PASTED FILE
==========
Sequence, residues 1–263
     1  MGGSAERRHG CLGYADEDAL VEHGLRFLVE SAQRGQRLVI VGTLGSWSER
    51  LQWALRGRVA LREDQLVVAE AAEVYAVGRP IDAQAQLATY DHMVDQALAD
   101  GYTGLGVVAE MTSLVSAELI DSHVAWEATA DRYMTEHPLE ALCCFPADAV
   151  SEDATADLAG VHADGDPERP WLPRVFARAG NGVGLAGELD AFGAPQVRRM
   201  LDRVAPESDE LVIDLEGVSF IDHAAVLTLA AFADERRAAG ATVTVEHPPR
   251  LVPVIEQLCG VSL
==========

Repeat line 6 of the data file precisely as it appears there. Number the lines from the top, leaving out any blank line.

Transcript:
   201  LDRVAPESDE LVIDLEGVSF IDHAAVLTLA AFADERRAAG ATVTVEHPPR